INTELLIGENT WORK FORUMS
FOR ENGINEERING PROFESSIONALS

Log In

Come Join Us!

Are you an
Engineering professional?
Join Eng-Tips Forums!
  • Talk With Other Members
  • Be Notified Of Responses
    To Your Posts
  • Keyword Search
  • One-Click Access To Your
    Favorite Forums
  • Automated Signatures
    On Your Posts
  • Best Of All, It's Free!

*Eng-Tips's functionality depends on members receiving e-mail. By joining you are opting in to receive e-mail.

Posting Guidelines

Promoting, selling, recruiting, coursework and thesis posting is forbidden.

Jobs

What is known as Geofoam

What is known as Geofoam

(OP)
Hi,
I recently found that one of our neighbors used a white colored material for landfilling named Geofoam. Anyone knows what is this exactly? Does it cause any kind of soil pollution?

RE: What is known as Geofoam

Perfectly safe

RE: What is known as Geofoam

Used frequently in backfill conditions to lower lateral pressures to retaining walls.

No worries.

Mike McCann, PE, SE (WA)


RE: What is known as Geofoam

This may absorb water considerably... you might be looking for closed-cell extruded polystyrene... in Canada, Type 4 for UV exposure.

Dik

RE: What is known as Geofoam

In my experiences this types of materials are ok for low bearing pressures from slabs but when there is point loads involved they are not so good. There are different types that are suitable for different uses so i would always check with the supplier (and get confirmation via email, not a phone call).

RE: What is known as Geofoam

Hopefully it's buried so there is no UV exposure, but an added benefit is eliminating frost effects under it or if it is adjacent to a foundation. Not sure where you are, but we have to worry about it here.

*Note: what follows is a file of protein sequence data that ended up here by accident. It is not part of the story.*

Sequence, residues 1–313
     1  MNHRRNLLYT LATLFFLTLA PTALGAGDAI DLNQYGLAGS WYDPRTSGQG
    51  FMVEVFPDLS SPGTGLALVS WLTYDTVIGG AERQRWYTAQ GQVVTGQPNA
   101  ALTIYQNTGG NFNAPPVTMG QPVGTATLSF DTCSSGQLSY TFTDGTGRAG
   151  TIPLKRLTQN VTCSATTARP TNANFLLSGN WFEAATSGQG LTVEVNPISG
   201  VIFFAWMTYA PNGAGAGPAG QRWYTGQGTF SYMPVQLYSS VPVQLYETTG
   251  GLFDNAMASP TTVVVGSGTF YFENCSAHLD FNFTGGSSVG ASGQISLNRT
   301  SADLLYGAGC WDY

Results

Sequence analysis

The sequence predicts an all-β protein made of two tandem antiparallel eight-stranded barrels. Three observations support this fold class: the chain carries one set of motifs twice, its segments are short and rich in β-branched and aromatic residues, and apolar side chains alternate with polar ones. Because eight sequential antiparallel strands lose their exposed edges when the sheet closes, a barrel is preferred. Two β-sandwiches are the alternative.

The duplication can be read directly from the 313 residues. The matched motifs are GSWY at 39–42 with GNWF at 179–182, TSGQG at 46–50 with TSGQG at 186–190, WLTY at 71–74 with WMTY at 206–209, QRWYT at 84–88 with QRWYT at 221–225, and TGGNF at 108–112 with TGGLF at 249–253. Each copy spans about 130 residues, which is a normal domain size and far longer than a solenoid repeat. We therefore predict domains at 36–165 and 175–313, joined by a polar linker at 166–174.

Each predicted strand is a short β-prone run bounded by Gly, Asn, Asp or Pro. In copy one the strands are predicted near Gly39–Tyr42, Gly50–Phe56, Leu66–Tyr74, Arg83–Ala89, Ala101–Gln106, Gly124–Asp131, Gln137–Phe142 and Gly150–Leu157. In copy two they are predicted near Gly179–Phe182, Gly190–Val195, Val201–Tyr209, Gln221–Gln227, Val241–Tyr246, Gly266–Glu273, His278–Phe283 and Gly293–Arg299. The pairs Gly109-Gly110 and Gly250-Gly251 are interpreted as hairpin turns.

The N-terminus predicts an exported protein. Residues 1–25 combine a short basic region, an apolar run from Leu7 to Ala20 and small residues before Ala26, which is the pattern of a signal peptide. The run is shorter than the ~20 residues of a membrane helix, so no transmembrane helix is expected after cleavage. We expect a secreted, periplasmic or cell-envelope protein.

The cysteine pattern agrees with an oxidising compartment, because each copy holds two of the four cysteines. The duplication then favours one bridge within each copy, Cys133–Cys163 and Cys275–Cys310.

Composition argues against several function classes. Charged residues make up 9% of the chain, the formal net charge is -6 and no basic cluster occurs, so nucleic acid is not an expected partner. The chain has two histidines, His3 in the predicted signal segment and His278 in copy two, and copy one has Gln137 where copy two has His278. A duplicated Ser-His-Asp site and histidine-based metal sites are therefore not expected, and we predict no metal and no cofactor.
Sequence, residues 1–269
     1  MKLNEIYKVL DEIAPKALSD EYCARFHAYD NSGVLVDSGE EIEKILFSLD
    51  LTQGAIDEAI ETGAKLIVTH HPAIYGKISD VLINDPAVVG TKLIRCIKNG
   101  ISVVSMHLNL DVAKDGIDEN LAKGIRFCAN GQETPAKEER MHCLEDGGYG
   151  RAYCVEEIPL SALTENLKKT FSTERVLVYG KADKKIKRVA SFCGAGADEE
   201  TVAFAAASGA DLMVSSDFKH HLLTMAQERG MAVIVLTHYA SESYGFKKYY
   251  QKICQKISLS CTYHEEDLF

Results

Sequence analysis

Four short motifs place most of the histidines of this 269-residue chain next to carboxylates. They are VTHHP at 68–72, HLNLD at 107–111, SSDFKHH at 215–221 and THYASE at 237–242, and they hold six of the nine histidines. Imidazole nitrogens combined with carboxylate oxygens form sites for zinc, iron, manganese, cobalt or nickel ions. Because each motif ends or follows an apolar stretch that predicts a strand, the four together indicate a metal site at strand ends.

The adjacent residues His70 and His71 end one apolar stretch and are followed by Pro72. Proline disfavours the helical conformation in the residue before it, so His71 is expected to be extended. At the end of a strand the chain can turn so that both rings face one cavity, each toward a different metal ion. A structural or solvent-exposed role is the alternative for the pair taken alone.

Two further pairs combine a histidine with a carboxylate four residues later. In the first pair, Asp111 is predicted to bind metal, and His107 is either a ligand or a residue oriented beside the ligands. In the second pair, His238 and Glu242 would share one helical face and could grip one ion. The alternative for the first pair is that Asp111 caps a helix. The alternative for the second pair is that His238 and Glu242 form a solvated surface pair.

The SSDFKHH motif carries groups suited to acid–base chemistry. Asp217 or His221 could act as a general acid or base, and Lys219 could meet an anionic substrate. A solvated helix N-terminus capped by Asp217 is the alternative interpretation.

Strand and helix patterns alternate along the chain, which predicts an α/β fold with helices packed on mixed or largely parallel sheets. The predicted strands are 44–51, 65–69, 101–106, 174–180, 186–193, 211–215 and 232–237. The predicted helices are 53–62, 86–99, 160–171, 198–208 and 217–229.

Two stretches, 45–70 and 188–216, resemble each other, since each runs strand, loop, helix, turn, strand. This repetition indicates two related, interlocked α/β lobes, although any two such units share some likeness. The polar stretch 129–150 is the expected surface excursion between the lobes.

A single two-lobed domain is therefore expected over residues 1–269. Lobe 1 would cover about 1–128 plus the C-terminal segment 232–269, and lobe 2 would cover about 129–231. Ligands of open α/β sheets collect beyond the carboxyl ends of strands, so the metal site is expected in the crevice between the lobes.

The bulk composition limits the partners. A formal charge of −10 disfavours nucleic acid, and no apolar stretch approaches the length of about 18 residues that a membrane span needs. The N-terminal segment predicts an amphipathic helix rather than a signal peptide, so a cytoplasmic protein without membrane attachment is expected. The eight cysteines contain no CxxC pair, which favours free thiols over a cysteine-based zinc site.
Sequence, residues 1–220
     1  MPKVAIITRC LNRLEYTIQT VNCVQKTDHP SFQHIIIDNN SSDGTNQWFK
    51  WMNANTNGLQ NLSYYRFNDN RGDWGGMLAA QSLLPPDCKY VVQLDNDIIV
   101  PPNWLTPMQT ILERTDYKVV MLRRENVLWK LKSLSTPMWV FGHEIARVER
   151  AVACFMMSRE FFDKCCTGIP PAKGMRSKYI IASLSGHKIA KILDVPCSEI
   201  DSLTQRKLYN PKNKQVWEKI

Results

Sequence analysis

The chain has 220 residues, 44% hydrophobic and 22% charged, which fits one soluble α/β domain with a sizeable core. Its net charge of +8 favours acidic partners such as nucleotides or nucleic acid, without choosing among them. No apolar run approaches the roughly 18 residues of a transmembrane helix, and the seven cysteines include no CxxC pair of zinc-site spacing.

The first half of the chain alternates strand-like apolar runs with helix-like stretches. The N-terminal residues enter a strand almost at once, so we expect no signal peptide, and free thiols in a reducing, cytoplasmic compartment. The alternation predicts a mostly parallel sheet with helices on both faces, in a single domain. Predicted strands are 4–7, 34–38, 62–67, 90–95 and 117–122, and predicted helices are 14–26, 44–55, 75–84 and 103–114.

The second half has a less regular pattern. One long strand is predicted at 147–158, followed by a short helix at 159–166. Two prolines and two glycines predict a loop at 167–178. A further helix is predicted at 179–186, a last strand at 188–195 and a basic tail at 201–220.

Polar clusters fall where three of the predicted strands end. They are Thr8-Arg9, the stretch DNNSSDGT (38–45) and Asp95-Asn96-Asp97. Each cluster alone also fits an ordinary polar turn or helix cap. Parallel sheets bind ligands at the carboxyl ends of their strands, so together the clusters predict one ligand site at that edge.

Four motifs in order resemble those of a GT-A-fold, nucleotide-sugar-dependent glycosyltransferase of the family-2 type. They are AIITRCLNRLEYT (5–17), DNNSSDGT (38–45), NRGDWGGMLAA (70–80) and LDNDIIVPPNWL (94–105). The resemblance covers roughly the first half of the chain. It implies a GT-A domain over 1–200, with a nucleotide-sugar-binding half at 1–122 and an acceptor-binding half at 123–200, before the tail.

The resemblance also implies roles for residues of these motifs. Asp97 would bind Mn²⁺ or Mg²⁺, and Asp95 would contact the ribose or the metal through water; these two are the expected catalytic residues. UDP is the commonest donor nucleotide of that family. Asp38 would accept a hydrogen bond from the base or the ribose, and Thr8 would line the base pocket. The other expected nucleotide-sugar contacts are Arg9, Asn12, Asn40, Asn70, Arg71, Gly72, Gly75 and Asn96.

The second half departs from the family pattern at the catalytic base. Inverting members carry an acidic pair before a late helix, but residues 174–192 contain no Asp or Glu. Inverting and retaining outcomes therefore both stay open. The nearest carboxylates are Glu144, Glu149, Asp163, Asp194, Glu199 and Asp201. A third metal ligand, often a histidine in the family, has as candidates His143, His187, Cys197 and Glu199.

RE: What is known as Geofoam

Back when I worked for the Kansas DOT we replaced a large portion (>10,000 C.Y.) of a brand new bridge embankment with Geofoam. That was in 2005 and as far as I know it's still performing well. It had a crushed rock underdrain which also worked quite well. The plans also specified to wrap the outside surface of the Geofoam with a strip drain (Mirafi I believe). This was basically a black dimpled plastic with a black geotextile glued to the the dimpled side. In the heat of the summer day the black plastic heated up significantly and "softened" (i.e. melted). It also melted the Geofoam underneath it. Fortunately we discovered this pretty quickly and kept the strip drain covered up as soon as it was placed so it couldn't heat up.

RE: What is known as Geofoam

there are no third-party detriments. As a neighbor, I'd not worry.

There are two design concerns with geofoam. One is buoyancy. If the ground water table inundates enough of it, it'll pop out of the ground. That can be addressed by design. The other is attack by hydrocarbons. If diesel fuel, gasoline or other such compound leaks into the ground it'll dissolve. In practice, we cover the geofoam by HDPE or other such membrane.

I'd put my feet up on the coffee table and go back to enjoying life!

f-d

ípapß gordo ainÆt no madre flaca!

Red Flag This Post

Please let us know here why this post is inappropriate. Reasons such as off-topic, duplicates, flames, illegal, vulgar, or students posting their homework.

Red Flag Submitted

Thank you for helping keep Eng-Tips Forums free from inappropriate posts.
The Eng-Tips staff will check this out and take appropriate action.

Reply To This Thread

Posting in the Eng-Tips forums is a member-only feature.

Click Here to join Eng-Tips and talk with other members!


Resources


Close Box

Join Eng-Tips® Today!

Join your peers on the Internet's largest technical engineering professional community.
It's easy to join and it's free.

Here's Why Members Love Eng-Tips Forums:

Register now while it's still free!

Already a member? Close this window and log in.

Join Us             Close